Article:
Prior to my first retirement - I was a high tech consultant in a rapidly changing field of computer systems management and technology. I had a long list of clients, never lacked for work, and got to travel the world first class.

After five years of being out of the business, not keeping up contacts, and not keeping up to date with technology - I was unemployable!

A local agency advertised for a person to do the work I used to do. Their job description read like my resume. I wrote the book (literally) on the subject matter they were hiring for, I had done almost identical work for several other similar agencies and provided numerous references.

I was told

- you are too old (57 at the time)
- you are out of touch with current technology
- we can hire a 30 year old for 1/2 as much

they did not do the age thing literally but it was obvious during the interview I had with a bunch of 35 year old managers.

the 2nd was just plain wrong - the technology they were implementing was out of date and stuff I had done many years earlier but one does not tell that to a potential client

They did hire a 32 year old for 1/2 what I would have cost and one year and one-million $ later the project was abandoned - much to the dismay of the tax-paying public

I had similar experiences for several years until I swallowed my pride and returned to my roots -

driving charter buses, school buses, straight trucks - jobs which had paid my way thru college and graduate school. I was much happier driving the vehicles - I went interesting places, didn't get paid much, picked my own hours, and had fun.

I did that for five years and then took off on the boat yet again.

Your profession may be different IF it is not changing rapidly but I found that an older professional who has been out of the business for a while is pretty much ignored.
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Old 29-09-2013, 15:11   #23
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Re: Retiring Aboard -- Ways & Means?

in barra de navidad summer rates are 25 cents per foot per day in the marina. plus electricity.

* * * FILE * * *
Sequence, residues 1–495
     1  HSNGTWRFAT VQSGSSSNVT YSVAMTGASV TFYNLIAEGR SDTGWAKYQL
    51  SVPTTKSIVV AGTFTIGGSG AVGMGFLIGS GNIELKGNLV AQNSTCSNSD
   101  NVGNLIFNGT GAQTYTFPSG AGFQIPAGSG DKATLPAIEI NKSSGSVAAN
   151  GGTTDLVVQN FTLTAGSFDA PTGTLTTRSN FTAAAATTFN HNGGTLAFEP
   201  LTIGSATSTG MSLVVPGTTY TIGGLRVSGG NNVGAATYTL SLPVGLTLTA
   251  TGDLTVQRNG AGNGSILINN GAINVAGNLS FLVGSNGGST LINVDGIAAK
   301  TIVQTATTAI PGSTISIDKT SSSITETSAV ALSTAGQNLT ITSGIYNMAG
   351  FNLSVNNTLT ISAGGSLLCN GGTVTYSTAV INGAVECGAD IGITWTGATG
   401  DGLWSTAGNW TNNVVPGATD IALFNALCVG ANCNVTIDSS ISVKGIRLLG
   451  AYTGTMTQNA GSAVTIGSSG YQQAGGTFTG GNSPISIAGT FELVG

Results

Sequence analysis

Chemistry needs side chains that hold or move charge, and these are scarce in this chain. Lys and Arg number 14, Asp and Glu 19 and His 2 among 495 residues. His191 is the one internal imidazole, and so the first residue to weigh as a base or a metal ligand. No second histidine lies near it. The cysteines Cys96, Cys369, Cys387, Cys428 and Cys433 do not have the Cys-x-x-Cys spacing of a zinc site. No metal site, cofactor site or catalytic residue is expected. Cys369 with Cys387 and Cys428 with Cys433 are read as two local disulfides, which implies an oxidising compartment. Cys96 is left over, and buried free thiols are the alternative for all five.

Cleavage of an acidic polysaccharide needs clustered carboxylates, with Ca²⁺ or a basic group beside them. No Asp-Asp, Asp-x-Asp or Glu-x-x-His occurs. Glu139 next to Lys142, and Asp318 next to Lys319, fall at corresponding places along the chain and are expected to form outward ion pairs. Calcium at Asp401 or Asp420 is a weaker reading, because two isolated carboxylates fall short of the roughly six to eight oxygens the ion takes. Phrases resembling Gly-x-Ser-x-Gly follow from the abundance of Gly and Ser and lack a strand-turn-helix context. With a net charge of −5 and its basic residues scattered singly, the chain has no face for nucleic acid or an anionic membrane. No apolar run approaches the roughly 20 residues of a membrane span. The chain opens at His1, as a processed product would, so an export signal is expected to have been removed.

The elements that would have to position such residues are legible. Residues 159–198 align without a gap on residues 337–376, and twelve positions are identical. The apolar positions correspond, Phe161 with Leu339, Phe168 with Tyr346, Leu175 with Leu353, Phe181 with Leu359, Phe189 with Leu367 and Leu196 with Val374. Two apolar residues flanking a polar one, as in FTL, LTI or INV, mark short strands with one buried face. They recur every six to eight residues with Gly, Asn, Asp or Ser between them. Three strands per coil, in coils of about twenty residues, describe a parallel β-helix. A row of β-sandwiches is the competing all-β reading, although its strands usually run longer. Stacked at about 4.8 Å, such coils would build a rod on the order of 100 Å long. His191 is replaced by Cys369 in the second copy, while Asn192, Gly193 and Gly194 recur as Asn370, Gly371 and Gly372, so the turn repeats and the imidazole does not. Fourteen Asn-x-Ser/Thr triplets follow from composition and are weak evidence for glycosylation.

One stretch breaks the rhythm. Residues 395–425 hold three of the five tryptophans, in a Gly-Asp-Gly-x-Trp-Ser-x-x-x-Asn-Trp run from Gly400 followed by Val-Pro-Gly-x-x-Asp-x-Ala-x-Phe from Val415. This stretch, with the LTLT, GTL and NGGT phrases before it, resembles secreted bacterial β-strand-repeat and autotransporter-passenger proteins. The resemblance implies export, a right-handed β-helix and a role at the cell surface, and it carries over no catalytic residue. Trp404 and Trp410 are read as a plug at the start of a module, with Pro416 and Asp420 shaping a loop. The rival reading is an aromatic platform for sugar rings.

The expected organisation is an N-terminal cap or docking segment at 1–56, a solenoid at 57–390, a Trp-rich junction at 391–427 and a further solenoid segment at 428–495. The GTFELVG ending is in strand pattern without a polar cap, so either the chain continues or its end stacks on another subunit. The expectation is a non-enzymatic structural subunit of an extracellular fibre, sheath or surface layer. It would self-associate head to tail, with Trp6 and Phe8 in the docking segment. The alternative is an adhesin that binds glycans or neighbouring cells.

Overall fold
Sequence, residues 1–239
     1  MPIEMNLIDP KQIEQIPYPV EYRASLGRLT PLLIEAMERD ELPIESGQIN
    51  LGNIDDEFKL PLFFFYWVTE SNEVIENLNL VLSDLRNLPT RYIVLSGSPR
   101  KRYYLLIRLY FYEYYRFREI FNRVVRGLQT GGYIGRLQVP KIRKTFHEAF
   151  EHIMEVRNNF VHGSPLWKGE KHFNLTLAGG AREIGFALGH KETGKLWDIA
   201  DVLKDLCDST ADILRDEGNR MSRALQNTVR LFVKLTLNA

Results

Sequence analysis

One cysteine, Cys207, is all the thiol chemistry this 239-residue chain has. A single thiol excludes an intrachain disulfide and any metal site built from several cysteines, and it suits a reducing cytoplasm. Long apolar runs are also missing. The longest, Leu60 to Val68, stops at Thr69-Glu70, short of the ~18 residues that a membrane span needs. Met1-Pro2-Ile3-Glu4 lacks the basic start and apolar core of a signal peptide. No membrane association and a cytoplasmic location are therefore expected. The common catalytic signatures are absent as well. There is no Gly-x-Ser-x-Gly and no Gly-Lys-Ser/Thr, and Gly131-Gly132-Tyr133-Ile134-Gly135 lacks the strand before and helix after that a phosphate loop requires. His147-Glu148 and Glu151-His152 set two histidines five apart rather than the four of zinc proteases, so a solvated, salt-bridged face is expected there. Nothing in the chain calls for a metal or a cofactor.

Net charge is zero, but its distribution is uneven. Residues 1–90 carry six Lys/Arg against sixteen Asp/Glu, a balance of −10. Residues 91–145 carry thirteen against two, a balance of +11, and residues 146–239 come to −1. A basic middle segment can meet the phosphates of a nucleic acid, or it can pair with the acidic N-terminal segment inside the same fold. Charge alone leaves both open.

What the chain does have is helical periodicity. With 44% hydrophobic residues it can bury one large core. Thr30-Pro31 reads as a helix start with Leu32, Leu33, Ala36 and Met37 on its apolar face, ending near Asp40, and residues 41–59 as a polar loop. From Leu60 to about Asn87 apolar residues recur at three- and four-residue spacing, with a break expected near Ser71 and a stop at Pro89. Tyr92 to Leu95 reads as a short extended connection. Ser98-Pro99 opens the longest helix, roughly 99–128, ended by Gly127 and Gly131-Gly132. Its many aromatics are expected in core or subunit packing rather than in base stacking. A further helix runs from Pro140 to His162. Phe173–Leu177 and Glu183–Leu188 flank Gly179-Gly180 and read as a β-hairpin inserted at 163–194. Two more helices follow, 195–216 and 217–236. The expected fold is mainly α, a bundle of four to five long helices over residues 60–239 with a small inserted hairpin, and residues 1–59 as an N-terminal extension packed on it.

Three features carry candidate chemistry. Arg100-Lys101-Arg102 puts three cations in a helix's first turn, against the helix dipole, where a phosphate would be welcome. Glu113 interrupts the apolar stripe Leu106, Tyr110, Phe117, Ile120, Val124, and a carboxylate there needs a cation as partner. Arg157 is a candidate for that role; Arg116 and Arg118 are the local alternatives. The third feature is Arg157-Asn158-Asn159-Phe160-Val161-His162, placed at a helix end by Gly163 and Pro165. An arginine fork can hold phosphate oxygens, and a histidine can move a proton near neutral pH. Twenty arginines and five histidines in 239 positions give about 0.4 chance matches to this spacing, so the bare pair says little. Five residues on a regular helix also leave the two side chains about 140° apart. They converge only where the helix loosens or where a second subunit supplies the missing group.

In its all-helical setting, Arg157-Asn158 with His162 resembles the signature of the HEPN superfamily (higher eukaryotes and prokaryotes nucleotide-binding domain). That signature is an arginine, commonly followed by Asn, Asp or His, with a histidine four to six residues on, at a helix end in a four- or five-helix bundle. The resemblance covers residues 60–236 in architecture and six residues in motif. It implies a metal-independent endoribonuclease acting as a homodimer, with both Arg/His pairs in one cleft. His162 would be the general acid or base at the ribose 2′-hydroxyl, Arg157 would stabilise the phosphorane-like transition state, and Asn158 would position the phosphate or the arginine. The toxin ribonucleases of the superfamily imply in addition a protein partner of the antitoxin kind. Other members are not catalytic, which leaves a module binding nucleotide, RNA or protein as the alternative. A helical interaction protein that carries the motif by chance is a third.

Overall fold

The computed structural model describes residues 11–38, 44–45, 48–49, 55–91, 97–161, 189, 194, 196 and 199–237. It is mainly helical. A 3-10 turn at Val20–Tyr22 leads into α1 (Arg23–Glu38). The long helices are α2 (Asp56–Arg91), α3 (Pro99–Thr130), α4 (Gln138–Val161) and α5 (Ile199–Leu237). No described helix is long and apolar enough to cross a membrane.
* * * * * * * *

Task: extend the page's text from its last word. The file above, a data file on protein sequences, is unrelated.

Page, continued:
in winter, or high season, it goes to 68 cents per foot per month.
yes is usd.
most gringos sail only where their insurance allows em to sail so they miss this lovely place in summer. their loss.
i anchor out in winter and use marina facilities in summer.
i spend no more to live year round than 1000 usd per month even in summer. and i usually spend time in different places every summer. we will see if i go somewhere else this next summer as i am refitting my barge.
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Old 29-09-2013, 15:29   #24
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Re: Retiring Aboard -- Ways & Means?

I think you can do it. In the Eastern Caribbean you can anchor out and never need to be in a marina. I think $1000 a month is just too tight when you take e dry thing into account - want to suggest $1500 might be better for budgeting and when you don't spend it all you can carry the extra forward.

Only you can decide if a particular boat is big enough for you.

Final thought, could you pick up contract work where the mining economy is very strong? Being able to pick up the odd 3 or 6 month contract would be terrific.
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Old 29-09-2013, 18:00   #25
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Re: Retiring Aboard -- Ways & Means?

Just read this thread and found it hartening. I'll be 63 soon, and am in a bit better financial shape than the OP. But still I worry that we can do it.

After reading these posts, it helps confirm that we should be OK.

All change is scary, even if for the better.

Thanks from a lurker!
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Old 29-09-2013, 18:13   #26
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Re: Retiring Aboard -- Ways & Means?

I'm behind you in age years, but have been hit pretty hard by the recession. My wife has been unemployed 3 times in the past 6 years. We set some rules and have gotten by.
However it hasn't been easy. Our rule #1 is we will not touch retirement savings unless our lives depend on it. We have kept our nestegg intact and made some money back with portfolio appreciation.

I think you need to think 15 years down the road. Where do you want to be. Realistically, what do you expect your health to be.

Only you know the right answers, but remember....It will always costs more than you think. Consider a $30,000 boat and spend $20,000 outfitting so she is comfortable for you. Keep the remaining $50,000 in reserve. You'll need it.
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Old 29-09-2013, 18:17   #27
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Re: Retiring Aboard -- Ways & Means?

Quote:
Originally Posted by hpeer View Post
Just read this thread and found it hartening. I'll be 63 soon, and am in a bit better financial shape than the OP. But still I worry that we can do it.

After reading these posts, it helps confirm that we should be OK.

All change is scary, even if for the better.

Thanks from a lurker!
Ditto, sorta - I'm 57. I think we have plenty of money. She does not and her family is the kind that talks to each other every day (minimum).
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Old 30-09-2013, 13:41   #28